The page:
I was going to try and make one article for each one of these, but it turns out I won’t be able to. Instead, I’ll go ahead and put them together into some early season thoughts. Call them oddities, if you will.
Robertson just as we expected
Remember when half of the Marlins’ fan base was clamoring that Nate Robertson was going to ruin everything? Well, take a look at his 2010 line so far (with all small sample size warnings attached):
2009: 15.5% K%, 8.5% BB%, 11.8% HR/FB%, 56.9% GB%
Compare that to his 2007 and 2008 numbers:
2007: 15.3% K%, 7.8% BB%, 10.0% HR/FB%, 44.6% GB%
2008: 14.3% K%, 7.3% BB%, 12.4% HR/FB%, 44.5% GB%
Ignoring the absurdly-high 57% GB% early in the year for Robertson, what I see as of right now is a pitcher who is very similar to his consistent form pre-elbow injury. Of course, this set of numbers is cherry-picked to look just like that, but I think the three starts that we saw from Robertson were exactly the sorts of things we expected.
Robertson has impressed so far versus lefties. In 16 PA, he’s allowed only one hit, though he has failed to miss their bats (3 K). Against righties he actually has a better strikeout and walk rate, but he is the proud owner of a .325 BABIP and has allowed two homers so far (14.3% HR/FB%). I would not be surprised if his peripheral rates remained very similar by the midway mark of the season. The one thing we should hope for is that that increase in ground balls sticks a bit more.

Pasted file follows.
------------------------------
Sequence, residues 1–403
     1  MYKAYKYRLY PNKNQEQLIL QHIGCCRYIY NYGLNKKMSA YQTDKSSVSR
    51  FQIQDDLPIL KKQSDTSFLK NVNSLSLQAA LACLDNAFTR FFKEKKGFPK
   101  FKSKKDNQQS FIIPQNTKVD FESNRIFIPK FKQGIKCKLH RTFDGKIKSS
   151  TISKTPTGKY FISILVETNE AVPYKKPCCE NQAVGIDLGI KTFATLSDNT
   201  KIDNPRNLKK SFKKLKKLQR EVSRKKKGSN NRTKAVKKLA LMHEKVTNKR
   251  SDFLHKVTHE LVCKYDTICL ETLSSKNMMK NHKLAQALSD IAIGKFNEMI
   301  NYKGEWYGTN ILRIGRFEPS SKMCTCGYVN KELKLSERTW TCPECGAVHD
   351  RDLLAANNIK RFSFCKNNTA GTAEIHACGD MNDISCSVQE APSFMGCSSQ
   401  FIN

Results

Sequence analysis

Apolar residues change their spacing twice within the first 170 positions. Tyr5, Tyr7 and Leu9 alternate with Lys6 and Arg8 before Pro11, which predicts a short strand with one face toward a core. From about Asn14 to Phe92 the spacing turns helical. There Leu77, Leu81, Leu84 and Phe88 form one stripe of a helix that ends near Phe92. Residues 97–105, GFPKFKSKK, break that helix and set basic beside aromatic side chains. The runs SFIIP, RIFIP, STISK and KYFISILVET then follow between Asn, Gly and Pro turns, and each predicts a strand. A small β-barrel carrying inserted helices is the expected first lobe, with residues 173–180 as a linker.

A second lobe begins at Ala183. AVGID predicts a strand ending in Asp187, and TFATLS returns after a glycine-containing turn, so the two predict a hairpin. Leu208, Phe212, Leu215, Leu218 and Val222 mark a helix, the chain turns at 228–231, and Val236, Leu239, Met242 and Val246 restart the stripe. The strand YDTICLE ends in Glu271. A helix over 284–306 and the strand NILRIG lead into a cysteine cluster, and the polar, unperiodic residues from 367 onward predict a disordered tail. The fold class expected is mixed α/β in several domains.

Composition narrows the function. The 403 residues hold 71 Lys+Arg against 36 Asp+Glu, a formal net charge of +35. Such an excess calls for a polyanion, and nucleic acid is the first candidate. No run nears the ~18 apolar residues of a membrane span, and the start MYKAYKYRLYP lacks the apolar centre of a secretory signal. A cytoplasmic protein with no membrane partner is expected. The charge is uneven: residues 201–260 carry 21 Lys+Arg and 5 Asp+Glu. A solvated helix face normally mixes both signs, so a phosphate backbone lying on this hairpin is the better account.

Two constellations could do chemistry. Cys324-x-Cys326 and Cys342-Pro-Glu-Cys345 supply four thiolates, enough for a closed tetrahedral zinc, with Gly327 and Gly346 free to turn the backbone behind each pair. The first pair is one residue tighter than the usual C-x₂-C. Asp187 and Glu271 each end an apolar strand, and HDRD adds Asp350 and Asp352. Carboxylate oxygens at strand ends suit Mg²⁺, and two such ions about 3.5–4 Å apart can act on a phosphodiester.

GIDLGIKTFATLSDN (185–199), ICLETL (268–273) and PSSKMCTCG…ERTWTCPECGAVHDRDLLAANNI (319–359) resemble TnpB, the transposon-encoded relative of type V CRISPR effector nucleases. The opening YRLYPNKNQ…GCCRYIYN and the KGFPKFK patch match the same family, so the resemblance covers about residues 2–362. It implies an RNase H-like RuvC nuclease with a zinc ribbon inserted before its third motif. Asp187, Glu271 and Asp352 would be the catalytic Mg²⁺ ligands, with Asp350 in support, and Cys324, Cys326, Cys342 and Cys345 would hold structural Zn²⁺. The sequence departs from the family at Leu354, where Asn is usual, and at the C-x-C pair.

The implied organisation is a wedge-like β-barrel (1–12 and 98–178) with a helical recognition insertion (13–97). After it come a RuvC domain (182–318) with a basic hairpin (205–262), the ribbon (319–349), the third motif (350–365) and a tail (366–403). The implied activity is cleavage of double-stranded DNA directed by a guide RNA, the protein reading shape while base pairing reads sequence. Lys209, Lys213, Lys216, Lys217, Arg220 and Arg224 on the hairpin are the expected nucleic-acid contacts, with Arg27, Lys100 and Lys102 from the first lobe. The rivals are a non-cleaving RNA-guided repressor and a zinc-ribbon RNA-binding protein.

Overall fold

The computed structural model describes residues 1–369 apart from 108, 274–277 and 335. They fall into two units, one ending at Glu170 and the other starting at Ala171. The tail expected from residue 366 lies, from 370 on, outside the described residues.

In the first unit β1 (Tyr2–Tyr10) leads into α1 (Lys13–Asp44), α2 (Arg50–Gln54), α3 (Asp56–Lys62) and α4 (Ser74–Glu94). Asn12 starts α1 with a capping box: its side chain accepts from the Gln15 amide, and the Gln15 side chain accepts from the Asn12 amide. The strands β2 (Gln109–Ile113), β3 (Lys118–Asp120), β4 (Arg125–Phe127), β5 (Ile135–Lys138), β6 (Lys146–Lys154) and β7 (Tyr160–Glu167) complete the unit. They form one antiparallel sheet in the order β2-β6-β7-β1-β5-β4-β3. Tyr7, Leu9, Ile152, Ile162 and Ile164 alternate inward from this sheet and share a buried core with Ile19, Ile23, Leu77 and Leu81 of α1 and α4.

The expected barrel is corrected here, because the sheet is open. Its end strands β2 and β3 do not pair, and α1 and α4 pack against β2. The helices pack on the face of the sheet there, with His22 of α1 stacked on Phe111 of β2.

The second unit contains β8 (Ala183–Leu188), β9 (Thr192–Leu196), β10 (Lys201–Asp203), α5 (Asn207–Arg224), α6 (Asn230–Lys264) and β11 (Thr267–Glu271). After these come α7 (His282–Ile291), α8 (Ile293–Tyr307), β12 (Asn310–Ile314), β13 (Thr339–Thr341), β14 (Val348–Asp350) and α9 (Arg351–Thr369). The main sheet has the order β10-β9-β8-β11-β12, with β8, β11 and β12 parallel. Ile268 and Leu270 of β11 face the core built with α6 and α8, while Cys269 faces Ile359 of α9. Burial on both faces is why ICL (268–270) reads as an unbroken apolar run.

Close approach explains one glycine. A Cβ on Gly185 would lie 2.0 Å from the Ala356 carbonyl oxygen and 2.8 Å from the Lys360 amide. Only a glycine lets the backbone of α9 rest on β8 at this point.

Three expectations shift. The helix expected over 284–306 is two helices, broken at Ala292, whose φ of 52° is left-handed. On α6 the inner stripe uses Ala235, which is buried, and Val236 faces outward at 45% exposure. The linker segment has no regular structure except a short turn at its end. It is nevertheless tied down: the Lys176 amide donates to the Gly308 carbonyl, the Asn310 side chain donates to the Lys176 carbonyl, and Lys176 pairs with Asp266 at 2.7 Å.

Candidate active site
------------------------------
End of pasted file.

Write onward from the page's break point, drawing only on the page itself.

Nolasco off to a slow start
Check out this early line:
21 2/3 IP, 15.1% K%, 8.1% BB%, 12.9% HR/FB%, 40.9% GB%
This looks eerily similar to Robertson’s line above, but surprisingly this is actually Ricky Nolasco’s season so far. Nolasco has not been as dominant in racking up the strikeouts and avoiding the walks as he has in recent seasons, especially when compared to last season. Part of that is a deviation from his 2009 whiff rate: Nolasco has induced a swing and miss in only 15.4% of the swings taken on his pitches. Compare that to the 20.7% mark from 2009. Of course, I don’t suspect that will stick, but it is an oddity this early in the year.
It’s also interesting to see how weird a reversal of fortunes Nolasco has had so far this year in terms of ERA. Last year, Nolasco’s inability to catch a break led to his 5.09 ERA despite a 3.35 FIP. This year, it’s almost the exact opposite: Nolasco has a 3.78 ERA, but his FIP has jumped to 5.19 due to the four home runs allowed so far. The BABIP and strand rate trends are also reversed, as this year Nolasco has allowed a .219 BABIP to hitters so far (compared to .336 last season), helping lead to a 81.5% strand rate that starkly contrasts with his 61.0% rate last year.
(Note: Of course, as I write this, Nolasco is dominating the Colorado Rockies with seven strikeouts in seven innings.)
The other hot Marlin bat
Everybody is caught up in Jorge Cantu’s hit and RBI streak that they actually missed something of interest. Did you know Cantu as of Saturday morning was not the best hitter on the Marlins? Do you know who was?
If you keep track of the series previews, you might have an inkling as to who it is. His name is Dan Uggla.
As of Saturday morning, Uggla was hitting an absurd .333/.377/.556, good for a wOBA of .401. In the small sample size of 69 PA, Uggla has racked up 21 hits, giving him a ridiculous .353 BABIP that’s sure to head south soon. One thing that I do hope sticks is Uggla’s doubles power; though he has been consistent with the home runs the last three years, his doubles have fallen in each of those seasons, down to just 27 last season. Uggla already has five now (and he picked one up in Game 1 of tonight’s doubleheader as well) and, if he can continue to pound out two-baggers, we could see a spike in slugging and ISO along with the classic power and patience.